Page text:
After being in Bangkok for three and a half days now, I am just beginning to settle in, and am finally processing the switch over from Europe to Asia.
I spent the first few days in a haze, sleeping for long hours and attempting to take in the busy environments of Bangkok – with little to no reflection. But I still somehow managed to take some pictures ;).
My flight from CPH to BKK was around 11 hours, and was probably one of the best flights I’ve been on. It was rather empty, and I had an entire row to myself. Norwegian apparently just upgraded many of their planes as well, which meant tons of entertainment, a food-drink order menu by touch screen, and dimming windows when the sleep-bug started to kick in. It’s impressive how futuristic flying can seem nowadays.
After landing at the airport I caught a cab to my childhood friend’s dormitory; he had been studying abroad in Bangkok this past semester, and luckily we managed to catch each other before he flew back home.
It felt surreal taking the cab from the airport, being an “independent adult”. I did it all in Sweden, but doing it again made it all the more real.
I spent the first few days of my time in Thailand doing practically nothing, with Michael and some of his friends who were also studying abroad. And it was exactly what I needed.
I wasn’t expecting it, but I felt completely drained the first few days: no energy, no thoughts, no anything. I was like a walking robot. I kid you not, I slept until 4:00PM the day after I arrived. And continued to feel the need to sleep until today.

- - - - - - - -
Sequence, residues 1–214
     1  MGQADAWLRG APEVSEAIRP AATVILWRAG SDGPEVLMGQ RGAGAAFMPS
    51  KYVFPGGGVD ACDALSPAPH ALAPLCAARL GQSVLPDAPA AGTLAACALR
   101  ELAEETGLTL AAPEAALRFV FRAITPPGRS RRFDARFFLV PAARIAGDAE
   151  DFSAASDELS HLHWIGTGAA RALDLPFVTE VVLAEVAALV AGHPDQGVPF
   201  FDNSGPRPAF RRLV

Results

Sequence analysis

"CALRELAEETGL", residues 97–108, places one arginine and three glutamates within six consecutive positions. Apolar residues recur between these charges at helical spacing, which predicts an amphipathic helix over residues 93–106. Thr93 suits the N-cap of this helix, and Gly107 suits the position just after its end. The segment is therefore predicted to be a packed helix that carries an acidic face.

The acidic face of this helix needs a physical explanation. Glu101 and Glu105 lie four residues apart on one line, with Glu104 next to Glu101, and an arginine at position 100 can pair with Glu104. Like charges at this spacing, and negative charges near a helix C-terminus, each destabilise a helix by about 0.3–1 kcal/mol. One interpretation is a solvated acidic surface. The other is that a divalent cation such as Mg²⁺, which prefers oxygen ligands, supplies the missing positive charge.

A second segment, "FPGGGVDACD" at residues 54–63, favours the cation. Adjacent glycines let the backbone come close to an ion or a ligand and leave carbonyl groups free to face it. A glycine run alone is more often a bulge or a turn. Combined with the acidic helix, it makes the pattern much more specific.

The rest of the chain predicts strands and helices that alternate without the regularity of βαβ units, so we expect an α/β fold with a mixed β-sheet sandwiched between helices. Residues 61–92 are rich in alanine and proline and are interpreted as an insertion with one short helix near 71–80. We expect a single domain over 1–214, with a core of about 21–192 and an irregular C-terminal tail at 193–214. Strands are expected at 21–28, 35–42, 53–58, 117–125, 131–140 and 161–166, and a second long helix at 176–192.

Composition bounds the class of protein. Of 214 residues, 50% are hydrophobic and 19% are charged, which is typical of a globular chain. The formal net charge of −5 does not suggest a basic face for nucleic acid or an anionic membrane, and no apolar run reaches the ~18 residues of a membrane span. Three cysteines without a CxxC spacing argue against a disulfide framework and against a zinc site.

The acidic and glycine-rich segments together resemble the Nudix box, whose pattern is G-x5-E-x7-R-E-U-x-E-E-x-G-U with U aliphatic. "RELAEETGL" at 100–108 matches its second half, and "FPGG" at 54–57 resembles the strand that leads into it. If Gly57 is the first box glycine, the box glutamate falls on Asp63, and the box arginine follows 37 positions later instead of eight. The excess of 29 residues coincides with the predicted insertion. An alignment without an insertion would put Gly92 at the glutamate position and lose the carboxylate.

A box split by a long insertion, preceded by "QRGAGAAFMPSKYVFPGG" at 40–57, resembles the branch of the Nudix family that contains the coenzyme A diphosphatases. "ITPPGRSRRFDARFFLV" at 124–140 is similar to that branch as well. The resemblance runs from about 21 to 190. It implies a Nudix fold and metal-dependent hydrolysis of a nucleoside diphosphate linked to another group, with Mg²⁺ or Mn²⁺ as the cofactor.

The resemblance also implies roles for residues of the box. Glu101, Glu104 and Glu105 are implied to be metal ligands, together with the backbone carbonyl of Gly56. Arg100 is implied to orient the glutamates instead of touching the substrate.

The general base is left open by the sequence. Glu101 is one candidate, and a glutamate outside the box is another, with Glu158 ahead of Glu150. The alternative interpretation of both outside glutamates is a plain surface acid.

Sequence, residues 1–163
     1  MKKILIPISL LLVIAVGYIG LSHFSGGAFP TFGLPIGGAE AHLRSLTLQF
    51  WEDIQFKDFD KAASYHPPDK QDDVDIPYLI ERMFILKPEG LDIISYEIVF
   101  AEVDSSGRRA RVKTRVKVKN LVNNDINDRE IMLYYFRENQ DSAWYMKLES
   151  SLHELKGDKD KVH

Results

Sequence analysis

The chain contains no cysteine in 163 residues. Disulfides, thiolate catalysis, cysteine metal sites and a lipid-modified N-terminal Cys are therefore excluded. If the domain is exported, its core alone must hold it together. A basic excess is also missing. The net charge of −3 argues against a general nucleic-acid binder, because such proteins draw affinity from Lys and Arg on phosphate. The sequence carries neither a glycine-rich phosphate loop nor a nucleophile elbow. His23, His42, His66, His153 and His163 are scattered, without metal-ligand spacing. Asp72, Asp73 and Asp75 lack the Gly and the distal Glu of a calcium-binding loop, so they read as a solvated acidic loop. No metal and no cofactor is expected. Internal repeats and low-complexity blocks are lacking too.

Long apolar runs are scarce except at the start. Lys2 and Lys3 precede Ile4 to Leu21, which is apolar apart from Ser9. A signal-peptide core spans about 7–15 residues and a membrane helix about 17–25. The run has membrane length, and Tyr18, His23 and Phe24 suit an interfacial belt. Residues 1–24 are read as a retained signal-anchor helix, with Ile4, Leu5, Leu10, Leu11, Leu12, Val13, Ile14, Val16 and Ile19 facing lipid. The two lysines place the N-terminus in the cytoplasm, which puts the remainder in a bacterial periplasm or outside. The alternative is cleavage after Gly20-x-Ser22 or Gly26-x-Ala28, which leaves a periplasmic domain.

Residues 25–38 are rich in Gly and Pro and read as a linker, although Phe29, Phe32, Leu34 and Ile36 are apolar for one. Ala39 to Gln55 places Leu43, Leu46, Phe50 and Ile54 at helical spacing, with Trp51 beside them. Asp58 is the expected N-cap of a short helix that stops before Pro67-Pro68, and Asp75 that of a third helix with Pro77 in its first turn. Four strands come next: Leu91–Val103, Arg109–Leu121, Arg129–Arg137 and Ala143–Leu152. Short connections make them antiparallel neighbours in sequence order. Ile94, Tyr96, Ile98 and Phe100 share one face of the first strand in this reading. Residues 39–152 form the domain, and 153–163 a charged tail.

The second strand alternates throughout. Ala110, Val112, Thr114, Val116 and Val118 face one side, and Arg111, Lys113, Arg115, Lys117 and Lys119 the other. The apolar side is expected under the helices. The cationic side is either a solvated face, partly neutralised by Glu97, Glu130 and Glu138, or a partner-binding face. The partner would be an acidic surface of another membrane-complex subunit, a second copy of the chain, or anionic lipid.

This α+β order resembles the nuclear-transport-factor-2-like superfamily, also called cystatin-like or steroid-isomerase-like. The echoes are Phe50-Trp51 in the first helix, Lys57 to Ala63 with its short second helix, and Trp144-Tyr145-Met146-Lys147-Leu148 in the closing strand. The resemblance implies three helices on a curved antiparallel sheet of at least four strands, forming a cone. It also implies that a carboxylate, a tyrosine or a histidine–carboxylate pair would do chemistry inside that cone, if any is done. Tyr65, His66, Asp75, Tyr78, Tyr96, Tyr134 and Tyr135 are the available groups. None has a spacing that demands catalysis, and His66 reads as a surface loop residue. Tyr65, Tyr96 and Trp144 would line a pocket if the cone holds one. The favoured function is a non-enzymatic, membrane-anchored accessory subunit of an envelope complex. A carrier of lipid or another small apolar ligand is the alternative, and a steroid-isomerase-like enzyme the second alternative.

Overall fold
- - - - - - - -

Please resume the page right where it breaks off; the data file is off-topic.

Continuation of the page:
I can’t help but laugh when thinking of the interactions I had with everyone I met the first few days, I probably seemed like a zombie. My apologies to the people that had to suffer through my mute company or lifeless conversation. If an opportunity arises in the future, I’ll make it up to you all.
I’m not sure if it was the transition from Europe to Asia, plain old jet lag, or my body and mind trying to process the fact that my year of studying abroad in Sweden was over. Regardless of what it was, I feel loads better now. Able to walk around clearly, take in my surroundings, and engage with my usual energy. I’m just glad sloth-mode is over and done.
Some things were accomplished in sloth-mode, however, including a night out on Khao-San (popular street for backpackers filled with bars, clubs, etc.) and a trip to temple Wat Pho of the reclining Buddha. My first few days featured liters upon liters of sweat dripping from my body, eating a fried cricket, drinking alcohol out of buckets, having the BEST pad thai I have had in my life, and going to 7/11 more than 7 or 11 times (this store is a staple for people abroad, and they have them on almost every street).
Bangkok is a special place. It is nothing akin to any city in Europe that I have been to, yet familiar in some aspects. The humidity and heat remind me of living in Leon, Nicaragua, as well as the simplicity of exchange.
I feel comfortable here, in ways different than the comfort felt in Europe; Southeast Asia is a relatively safe place, but it is more the culture of the city of Bangkok than anything else that puts me at ease. There are people everywhere, food stands everywhere, busy streets and private streets, and you simply exist amongst it all.
There are so many precious spaces in this city, some grand and welcoming and some more tucked away. It is a rugged city, no doubt, compared to most places in Europe or the U.S., but it is a beautiful city all the same. Built with character and conscious.